You have two options to accomplish this:

  • Include the root path “/” in the OWA web publishing rule and use HTML code on the front-end to do the redirection.
  • Use a Deny Rule on the ISA Server that performs the redirection.

I prefer the former, so I’ll explain the steps involved.

  1. In the ISA Firewall console, click the Firewall Policy node in the left pane of the console. In the Task Pane, click Publish Web Sites. On the Welcome to the New Web Publishing Rule Wizard page, enter a name for the rule. In this example, we’ll name the rule OWA Folder Redirection and click Next.

Figure 21

  1. On the Select Rule Action page, select the Deny option. All connections matching the parameters we set in this rule will be denied. Click Next.

Figure 22

  1. On the Publishing Type page, select the Publish a single Web site or load balancer and click Next.

Figure 23

  1. On the Server Connection Security page, select the Use SSL to connect to the published Web server or server farm. This option actually has no meaning in this scenario, since no connections will be forwarded by this Deny rule. Click Next.

Figure 24

  1. On the Internal Publishing Details page, enter the internal site name of the Exchange CAS/Front-End server. Click Next.

Figure 25

  1. On the Internal Publishing Details page click Next.
  2. On the Public Name Details page, enter the public name. Click Next.

Figure 26

  1. On the Select Web Listener page, click the down arrow on the Web listener drop down list and select the listener we use for the Exchange publishing rule. Click Next.

Figure 27

  1. On the Authentication Delegation page, accept the default entry, No delegation, and client cannot authenticate directly. There’s no need for the client to authenticate in this scenario, since we want the connection to be automatically redirected for everyone.

Figure 28

  1. On the User Sets page, remove the All Authenticated Users entry. Click the Add button. In the Add Users dialog box, double click the All Users entry and click Close. Click Next. You’ll see a warning that you can safely ignore.

Figure 29

Figure 30

  1. Click Finish on the Completing the New Web Publishing Rule Wizard page.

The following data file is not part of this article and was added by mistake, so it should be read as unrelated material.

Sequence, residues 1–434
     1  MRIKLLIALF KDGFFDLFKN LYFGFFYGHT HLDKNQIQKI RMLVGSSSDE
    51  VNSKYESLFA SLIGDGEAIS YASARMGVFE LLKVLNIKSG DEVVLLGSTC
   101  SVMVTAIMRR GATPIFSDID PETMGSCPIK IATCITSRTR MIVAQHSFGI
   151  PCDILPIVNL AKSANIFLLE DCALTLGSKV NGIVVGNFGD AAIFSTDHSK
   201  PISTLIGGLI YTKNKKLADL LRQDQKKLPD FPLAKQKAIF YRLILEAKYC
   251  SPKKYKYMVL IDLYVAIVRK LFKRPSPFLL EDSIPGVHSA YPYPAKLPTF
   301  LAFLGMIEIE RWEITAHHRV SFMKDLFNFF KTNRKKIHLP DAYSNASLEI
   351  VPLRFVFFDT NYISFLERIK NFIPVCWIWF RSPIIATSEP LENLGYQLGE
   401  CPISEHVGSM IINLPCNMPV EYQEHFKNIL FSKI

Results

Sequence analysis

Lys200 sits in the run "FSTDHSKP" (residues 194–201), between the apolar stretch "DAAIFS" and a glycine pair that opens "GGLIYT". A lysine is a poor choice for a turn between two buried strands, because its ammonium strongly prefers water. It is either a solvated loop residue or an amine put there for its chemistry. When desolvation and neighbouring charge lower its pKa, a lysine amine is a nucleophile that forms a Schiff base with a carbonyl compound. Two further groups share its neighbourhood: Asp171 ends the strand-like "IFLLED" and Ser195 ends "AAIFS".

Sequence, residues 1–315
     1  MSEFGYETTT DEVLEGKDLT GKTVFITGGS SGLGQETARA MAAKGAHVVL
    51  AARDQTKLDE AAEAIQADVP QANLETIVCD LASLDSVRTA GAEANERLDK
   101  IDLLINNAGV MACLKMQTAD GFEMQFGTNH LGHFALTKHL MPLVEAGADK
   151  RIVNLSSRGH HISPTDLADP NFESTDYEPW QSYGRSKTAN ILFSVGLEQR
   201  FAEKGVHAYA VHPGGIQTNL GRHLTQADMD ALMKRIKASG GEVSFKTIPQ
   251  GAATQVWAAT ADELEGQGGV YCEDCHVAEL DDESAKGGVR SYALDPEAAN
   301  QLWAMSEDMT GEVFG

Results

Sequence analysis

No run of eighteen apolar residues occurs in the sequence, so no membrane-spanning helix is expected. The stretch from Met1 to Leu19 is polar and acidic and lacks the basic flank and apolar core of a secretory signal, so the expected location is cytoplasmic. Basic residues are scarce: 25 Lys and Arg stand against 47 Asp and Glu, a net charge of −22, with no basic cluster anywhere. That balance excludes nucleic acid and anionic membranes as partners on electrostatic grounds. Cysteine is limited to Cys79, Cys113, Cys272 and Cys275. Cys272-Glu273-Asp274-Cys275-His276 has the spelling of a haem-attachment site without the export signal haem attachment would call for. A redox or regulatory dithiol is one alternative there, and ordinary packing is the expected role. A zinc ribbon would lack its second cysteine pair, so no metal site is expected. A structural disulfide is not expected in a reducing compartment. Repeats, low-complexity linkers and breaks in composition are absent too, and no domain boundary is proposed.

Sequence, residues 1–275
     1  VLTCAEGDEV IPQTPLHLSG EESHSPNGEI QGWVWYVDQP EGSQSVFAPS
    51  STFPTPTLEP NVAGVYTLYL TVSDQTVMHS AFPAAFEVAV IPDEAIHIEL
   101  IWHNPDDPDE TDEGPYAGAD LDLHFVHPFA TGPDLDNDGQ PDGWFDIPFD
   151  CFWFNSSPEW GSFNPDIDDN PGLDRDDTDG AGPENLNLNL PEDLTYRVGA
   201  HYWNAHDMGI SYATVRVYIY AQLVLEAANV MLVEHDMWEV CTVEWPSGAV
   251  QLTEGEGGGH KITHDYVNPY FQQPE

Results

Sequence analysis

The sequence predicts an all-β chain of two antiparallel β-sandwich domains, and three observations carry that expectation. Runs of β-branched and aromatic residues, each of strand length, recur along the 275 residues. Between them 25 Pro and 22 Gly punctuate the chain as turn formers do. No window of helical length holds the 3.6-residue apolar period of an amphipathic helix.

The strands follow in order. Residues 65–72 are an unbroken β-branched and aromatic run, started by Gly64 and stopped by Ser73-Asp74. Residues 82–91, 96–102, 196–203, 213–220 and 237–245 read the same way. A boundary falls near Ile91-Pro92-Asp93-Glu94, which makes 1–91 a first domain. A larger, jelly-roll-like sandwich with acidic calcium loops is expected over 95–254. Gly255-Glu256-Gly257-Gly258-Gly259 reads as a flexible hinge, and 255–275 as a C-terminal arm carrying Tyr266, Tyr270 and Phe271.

2. Double click the OWA Redirect rule we have just created. Go to the Action tab and put a checkmark in the Redirect HTTP requests to this Web page checkbox. Enter the complete URL of the Exchange OWA in the text box ( Click OK.

Figure 31

  1. Make sure that the Deny rule is below the Exchange Web Client Publishing allow rule, as seen in the figure below. If it is not, use the up down arrow buttons in the MMC button bar to get the rules in the correct order.

Figure 32

  1. Click Apply to save the changes and update the firewall policy. Click OK in the Apply New Configuration dialog box.

Testing the Solution

In order to test the solution, use a computer outside the internal network, open a browser and at the address bar type the URL of the external Exchange public name (

Figure 33

If everything is working, you’ll be presented with the HTML form authentication, and after a successful logon, the Outlook Web Access page will appear, as illustrated in the pictures below.

Figure 34

Figure 35

Figure 36

To test RPC over HTTP(s) / Outlook Anywhere, make sure the Outlook profile is configured correctly to support this access method. Next, run Microsoft Outlook and verify that you can connect to your mailbox server. To confirm that you are using HTTPS, hold the CTRL key, right click the Outlook connection icon on the Taskbar and select Connection Status…

Figure 37

Figure 38


ISA Server 2006 introduced some new features and publishing wizards that can make the task of publishing Exchange much easier. Nevertheless, there are certain aspects and scenarios that are still difficult to find the right solution for.

The scenario I used in this series of articles is the most common I find with my customers. Hopefully it is the same in your case, so now you have a complete and detailed solution to publish Exchange 2003/2007 client access.

If you missed the other parts in this article series please read:

Related Links

Publishing Exchange Server 2003 with ISA Server 2006

Publishing Exchange Server 2007 with ISA Server 2006 

Publishing Exchange 2007 OWA with ISA Server 2006

Outlook Anywhere 2007 with ISA Server 2006

ISA Firewall Publishing OWA and RPC/HTTP with a Single IP Address

Using ISA Server 2006 with Exchange 2007

ISA Server 2006: Installing ISA 2006 Enterprise Edition (beta) in a Unihomed Workgroup Configuration